Open! publica Un ensayo de interpretaciones inadecuadas

The lawyer often compared the justice system to theatre. He understood that there was a performative logic to the nature of law, which was the result of the fundamental indeterminacy of legal discourses. It allowed him to transform a political trial from a mere instrument of power into a cultural artefact that was capable of provoking a public reflection on hegemonic norms and transforming the law itself. “A trial is a place of metamorphosis,” he was known to say, “Joan of Arc wouldn’t have been a saint without her trial.”

Open! has just published our text on the historical and didactic nature of the political trial. Read an excerpt below.

The political trial as a cultural artifact

“Proceed”, said the newly elected president of Argentina, Néstor Kirchner. It was the 24th of March 2004, and an audience of ministers, high-ranking military officers and journalists watched a man in uniform step forward onto a small ladder, propped against the wall of the gallery in the Military Academy. Cameras flashed, as he took down the stately portraits of General Videla and General Bignone, almost 20 years after the fall of their violent regime. It was a powerful, symbolic gesture that indicated a clean break with those institutions and policies that had failed to address the lingering legacy of the military junta.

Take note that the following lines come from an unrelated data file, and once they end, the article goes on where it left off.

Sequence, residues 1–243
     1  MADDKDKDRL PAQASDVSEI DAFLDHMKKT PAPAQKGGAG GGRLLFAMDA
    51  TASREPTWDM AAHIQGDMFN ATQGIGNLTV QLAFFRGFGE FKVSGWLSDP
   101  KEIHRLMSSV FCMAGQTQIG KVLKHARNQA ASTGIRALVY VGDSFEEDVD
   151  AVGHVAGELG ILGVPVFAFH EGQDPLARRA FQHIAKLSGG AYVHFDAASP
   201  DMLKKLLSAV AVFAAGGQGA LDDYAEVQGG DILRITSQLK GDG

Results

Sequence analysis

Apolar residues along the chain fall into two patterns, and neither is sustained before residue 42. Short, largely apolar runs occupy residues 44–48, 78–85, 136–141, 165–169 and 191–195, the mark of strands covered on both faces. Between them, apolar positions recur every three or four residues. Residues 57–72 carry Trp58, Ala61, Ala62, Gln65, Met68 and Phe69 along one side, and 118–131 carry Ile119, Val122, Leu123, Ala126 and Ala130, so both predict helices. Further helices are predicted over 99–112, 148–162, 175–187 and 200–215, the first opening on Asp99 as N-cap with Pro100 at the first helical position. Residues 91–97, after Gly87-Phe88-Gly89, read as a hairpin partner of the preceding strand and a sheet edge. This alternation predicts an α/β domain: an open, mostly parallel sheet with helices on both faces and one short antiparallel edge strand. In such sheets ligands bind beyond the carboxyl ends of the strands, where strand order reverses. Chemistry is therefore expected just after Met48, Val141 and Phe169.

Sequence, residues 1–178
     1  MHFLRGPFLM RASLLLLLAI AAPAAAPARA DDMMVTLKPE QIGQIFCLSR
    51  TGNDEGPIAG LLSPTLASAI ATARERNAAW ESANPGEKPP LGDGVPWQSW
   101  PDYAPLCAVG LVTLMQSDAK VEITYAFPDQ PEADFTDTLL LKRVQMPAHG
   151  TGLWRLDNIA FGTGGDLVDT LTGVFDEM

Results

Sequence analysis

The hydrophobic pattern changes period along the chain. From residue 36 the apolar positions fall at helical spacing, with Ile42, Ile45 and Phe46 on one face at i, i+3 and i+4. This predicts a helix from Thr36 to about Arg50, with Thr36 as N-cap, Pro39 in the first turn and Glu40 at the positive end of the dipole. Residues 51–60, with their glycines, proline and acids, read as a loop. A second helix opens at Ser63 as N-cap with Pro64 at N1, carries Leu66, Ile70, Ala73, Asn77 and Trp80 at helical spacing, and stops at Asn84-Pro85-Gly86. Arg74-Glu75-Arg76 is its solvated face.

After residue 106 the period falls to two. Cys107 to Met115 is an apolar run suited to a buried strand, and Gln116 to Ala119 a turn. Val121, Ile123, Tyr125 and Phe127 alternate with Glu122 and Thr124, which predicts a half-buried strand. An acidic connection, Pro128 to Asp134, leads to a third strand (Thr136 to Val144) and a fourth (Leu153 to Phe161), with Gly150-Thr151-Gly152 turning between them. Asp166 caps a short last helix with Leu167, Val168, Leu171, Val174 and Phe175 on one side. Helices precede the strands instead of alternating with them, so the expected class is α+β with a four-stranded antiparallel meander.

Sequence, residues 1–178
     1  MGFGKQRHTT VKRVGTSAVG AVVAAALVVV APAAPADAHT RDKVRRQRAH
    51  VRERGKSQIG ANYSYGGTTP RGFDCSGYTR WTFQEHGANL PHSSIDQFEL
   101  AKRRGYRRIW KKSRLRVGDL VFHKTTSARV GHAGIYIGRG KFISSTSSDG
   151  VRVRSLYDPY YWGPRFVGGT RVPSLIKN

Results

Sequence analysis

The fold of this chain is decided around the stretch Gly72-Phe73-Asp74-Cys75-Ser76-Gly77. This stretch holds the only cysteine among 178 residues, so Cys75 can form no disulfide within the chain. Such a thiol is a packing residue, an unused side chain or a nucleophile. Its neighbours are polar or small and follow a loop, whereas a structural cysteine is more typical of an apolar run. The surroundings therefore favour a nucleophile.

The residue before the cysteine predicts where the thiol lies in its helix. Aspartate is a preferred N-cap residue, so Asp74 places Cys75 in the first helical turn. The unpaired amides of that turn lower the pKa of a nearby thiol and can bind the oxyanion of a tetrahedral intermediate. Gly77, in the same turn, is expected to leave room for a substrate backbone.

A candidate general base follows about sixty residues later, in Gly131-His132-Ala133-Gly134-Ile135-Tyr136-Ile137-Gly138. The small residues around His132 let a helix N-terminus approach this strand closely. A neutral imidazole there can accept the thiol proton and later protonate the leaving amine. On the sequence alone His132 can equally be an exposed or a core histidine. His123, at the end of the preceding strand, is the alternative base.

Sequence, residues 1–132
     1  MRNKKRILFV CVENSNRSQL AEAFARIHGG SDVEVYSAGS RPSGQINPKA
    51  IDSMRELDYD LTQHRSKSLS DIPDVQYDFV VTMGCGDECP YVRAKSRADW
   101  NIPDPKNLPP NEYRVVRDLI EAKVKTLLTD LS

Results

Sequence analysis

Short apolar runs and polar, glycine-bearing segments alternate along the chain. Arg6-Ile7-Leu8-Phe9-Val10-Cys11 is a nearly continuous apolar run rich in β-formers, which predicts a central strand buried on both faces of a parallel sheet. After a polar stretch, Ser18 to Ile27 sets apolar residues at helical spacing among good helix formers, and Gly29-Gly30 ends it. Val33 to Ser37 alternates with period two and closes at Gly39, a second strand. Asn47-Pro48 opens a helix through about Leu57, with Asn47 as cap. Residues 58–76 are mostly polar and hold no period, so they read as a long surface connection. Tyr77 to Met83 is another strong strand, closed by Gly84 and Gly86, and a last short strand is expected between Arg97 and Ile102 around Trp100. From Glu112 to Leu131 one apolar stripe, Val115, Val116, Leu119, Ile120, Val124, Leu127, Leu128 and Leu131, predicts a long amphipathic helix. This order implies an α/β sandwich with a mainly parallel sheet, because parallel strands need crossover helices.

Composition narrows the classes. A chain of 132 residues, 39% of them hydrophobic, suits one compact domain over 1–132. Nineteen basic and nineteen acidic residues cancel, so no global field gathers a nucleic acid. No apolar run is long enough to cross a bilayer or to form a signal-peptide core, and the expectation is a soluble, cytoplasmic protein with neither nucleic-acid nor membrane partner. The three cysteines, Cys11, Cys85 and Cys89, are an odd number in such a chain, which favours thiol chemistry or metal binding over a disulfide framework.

Just a couple of years earlier, at the peak of the economic crisis in Argentina, the streets were filled with people shouting “Que se vayan todos!” (“They all must go!”). People were banging pots and pans and burning down the banks, and they managed to topple four presidents in less than three weeks. Popular power was reconstituting itself outside of traditional party politics in the form of neighbourhood assemblies, arts collectives, bartering clubs and occupied factories.

Kirchner had been elected with a bare twenty-two percent of the votes and faced the task of recuperating the state’s lost credibility. By taking down these photos, he demonstrated that he was willing to dismantle the establishment and take on the powerful actors who controlled it from behind the scenes. Before his first term as president was over he had purged the armed forces and the police, impeached judges from the Supreme Court on charges of corruption and repealed the two infamous amnesty laws that had protected the perpetrators of human rights abuses during the dictatorship.

A historical process had been set in motion. But to fully understand the instrumentality of this moment would be like removing the front of a clock to reveal an obscure mechanism of contradictory movements behind the straightforward logic of the turning hands. Everything is connected but each turn of the interlocking cogs only appears to result in the rotation of another one in the opposite direction.